Over the years there have been hundreds of studies both locally and internationally on the effect of both paid and unpaid leave on the workforce. Most of these center around annual leave, sick leave, and parental leave but the premise applies to long service leave as well.

And that is, whether paid or unpaid, leave can have a significant positive effect on long term productivity through improvement in health and well being.

With tight margins and timeframes construction has to be an industry with high productivity. Downtime associated with unplanned sick leave, stress and mental health issues, injury, low morale and motivation can mean the difference in delivery of a successful project.

It stands to reason that long service leave has an important part to play in the industry.

Fortunately, in construction, long service leave is portable meaning it is more achievable and readily accessible providing a valuable tool to refresh and recharge your workforce and industry. Paying a bimonthly levy means there is no large payment to make when an employee takes leave either.

Because it is compulsory across the sector there are no free riders and whether you are a long term or short term employer you contribute equivalently and share the dividends of a highly productive workforce.

Other industries are catching onto the benefits this brings to an industry and construction has been doing it for 40 years!

Discuss Long Service Leave openly with your employees and plan and encourage with them to utilise it for a decent break ready to return to the workforce rested, motivated and productive. You can both share in the benefits it will bring!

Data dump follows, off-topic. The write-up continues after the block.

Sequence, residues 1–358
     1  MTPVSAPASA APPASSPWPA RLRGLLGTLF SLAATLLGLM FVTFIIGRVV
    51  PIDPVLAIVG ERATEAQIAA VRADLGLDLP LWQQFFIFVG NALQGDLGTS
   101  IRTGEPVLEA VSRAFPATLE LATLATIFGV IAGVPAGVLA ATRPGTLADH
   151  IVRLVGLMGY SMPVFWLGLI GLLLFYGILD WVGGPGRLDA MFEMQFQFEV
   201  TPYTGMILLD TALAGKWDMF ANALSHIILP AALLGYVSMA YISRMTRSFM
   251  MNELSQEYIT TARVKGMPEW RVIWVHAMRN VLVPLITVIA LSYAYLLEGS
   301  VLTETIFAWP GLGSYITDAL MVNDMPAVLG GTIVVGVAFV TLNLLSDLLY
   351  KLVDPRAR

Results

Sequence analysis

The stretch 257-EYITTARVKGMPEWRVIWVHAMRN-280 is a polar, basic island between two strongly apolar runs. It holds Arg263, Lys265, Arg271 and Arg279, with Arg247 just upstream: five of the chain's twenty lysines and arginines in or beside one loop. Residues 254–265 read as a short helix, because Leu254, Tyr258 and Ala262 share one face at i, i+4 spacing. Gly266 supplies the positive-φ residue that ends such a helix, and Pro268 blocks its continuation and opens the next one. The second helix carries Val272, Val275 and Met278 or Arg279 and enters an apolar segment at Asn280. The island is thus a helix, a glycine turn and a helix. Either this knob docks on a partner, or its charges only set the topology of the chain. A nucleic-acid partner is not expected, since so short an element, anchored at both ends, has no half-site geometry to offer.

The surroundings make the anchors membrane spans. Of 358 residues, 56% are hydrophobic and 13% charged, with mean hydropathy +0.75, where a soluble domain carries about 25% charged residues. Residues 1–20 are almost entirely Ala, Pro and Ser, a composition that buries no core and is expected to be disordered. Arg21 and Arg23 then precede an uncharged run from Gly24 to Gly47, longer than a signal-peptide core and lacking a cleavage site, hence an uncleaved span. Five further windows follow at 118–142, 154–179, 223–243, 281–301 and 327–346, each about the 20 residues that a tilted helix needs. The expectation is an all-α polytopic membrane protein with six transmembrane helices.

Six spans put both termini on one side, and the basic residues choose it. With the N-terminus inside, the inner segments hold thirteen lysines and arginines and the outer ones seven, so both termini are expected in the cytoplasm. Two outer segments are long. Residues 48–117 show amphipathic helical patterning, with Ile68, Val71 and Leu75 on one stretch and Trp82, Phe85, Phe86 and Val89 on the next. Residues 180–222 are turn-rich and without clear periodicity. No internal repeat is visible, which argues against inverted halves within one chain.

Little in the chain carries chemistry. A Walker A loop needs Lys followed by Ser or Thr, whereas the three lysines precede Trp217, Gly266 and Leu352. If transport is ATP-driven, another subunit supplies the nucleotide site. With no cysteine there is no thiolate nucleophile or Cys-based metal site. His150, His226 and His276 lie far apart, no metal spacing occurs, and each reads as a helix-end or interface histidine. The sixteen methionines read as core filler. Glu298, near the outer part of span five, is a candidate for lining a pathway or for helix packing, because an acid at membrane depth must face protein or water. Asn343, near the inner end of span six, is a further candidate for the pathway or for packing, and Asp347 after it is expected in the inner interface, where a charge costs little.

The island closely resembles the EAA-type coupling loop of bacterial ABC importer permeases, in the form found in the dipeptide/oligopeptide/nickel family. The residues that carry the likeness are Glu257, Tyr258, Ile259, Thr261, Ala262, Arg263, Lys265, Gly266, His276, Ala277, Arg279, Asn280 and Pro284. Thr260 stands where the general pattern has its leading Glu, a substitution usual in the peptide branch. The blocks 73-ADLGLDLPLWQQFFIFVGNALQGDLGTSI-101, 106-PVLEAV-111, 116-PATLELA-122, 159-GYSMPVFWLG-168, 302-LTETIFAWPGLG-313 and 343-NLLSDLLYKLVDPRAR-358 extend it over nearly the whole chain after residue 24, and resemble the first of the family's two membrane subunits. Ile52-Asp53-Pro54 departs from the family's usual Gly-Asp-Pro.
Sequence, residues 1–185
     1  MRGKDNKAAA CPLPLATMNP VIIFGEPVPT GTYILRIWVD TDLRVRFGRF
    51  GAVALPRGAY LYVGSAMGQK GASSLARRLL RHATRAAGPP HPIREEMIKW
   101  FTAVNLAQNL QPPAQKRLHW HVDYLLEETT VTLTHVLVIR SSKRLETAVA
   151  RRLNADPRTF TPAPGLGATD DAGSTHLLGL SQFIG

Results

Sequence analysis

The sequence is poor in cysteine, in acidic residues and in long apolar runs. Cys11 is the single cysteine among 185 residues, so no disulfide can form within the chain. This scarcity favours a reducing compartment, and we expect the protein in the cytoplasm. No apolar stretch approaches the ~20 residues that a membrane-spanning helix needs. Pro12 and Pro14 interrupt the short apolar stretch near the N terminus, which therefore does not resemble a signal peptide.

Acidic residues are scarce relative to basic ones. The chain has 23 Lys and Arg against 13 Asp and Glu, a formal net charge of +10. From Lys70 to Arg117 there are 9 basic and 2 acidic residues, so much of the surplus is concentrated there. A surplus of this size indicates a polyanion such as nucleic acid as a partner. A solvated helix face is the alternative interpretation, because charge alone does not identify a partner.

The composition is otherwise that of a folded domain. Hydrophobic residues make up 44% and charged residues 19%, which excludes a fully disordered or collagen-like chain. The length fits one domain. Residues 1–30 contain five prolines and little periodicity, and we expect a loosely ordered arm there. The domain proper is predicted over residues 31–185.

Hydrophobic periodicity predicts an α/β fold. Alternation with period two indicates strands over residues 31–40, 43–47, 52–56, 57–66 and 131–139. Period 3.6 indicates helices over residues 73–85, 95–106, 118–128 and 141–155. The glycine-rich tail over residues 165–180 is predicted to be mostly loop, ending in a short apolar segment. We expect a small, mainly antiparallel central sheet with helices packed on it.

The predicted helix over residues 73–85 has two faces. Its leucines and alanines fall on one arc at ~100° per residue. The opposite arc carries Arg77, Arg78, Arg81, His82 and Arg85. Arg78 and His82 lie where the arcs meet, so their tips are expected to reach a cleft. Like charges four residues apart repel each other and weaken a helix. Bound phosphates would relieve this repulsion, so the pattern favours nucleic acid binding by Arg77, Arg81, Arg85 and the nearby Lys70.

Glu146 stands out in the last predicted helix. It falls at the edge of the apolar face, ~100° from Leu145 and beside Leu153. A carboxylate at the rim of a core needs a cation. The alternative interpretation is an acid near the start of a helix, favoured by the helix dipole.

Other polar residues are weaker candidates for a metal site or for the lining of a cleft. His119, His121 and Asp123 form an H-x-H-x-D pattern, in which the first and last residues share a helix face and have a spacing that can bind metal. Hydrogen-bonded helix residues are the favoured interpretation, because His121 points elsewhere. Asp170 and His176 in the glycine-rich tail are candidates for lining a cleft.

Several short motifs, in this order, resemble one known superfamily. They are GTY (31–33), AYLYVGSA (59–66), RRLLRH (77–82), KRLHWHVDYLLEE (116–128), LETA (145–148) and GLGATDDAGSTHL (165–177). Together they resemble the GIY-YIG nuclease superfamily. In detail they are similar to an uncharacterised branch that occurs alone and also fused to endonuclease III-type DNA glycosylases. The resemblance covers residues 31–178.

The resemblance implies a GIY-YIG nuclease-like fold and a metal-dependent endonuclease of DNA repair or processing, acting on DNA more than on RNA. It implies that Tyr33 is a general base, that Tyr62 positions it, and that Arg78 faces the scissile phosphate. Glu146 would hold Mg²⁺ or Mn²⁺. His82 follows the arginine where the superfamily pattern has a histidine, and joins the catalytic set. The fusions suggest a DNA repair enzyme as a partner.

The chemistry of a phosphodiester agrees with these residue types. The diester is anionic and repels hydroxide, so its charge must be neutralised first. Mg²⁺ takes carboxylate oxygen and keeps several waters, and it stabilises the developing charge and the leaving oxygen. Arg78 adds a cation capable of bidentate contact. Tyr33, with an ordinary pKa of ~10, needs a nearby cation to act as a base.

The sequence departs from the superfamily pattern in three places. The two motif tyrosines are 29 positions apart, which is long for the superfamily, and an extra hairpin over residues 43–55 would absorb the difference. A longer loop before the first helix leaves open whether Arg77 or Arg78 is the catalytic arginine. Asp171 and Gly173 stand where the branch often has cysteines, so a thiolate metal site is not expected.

If you are the Working Director of a company and perform building, electrical or metal trades work in South Australia, you can continue accruing long service leave by making voluntary contributions.

How does the Working Director scheme work?

Six returns are issued each year for the following bi-monthly periods

  • January/February
  • March/April
  • May/June
  • July/August
  • September/October
  • November/December

If you would like to make a contribution for that period, you will need to log in to the Employer Portal to lodge the return. An invoice for payment will be generated upon lodgement.

For each invoice you pay, we credit you with the maximum number of service days in that two month period. If you pay all six invoices each year, you will be credited with 260 service days.

Payment of each invoice is completely voluntary, however naturally if you choose not to make payment you will not be credited with any service days for that period.

Upon request, invoices can be paid in advance until the end of the financial year.

What is the current contribution rate?

The contribution rate for the 2023-2024 year is $270.

Contributions will accrue interest at 6% per annum.

When should I register?

The sooner you register, the sooner you will be eligible to take long service leave! In order for your time as a Working Director to be added onto the service days accrued as an employee, you will need to register within the following timeframe.

Number of service days accruedTimeframe to register after ceasing as an employee
Less than 1,300 (equivalent to 5 years full time employment)2 years
More than 1,300 but less than 1,820 (equivalent to 7 years full time employment)3 years
More than 1,820 (equivalent to 7 years full time employment)No time limit (as if you have accrued 1,820 service days you are eligible to claim a pro-rata payment if you choose)

How do I register?

Register as a Working Director through the Worker Portal. If the company is not registered, you will need to fill in an employer registration form online.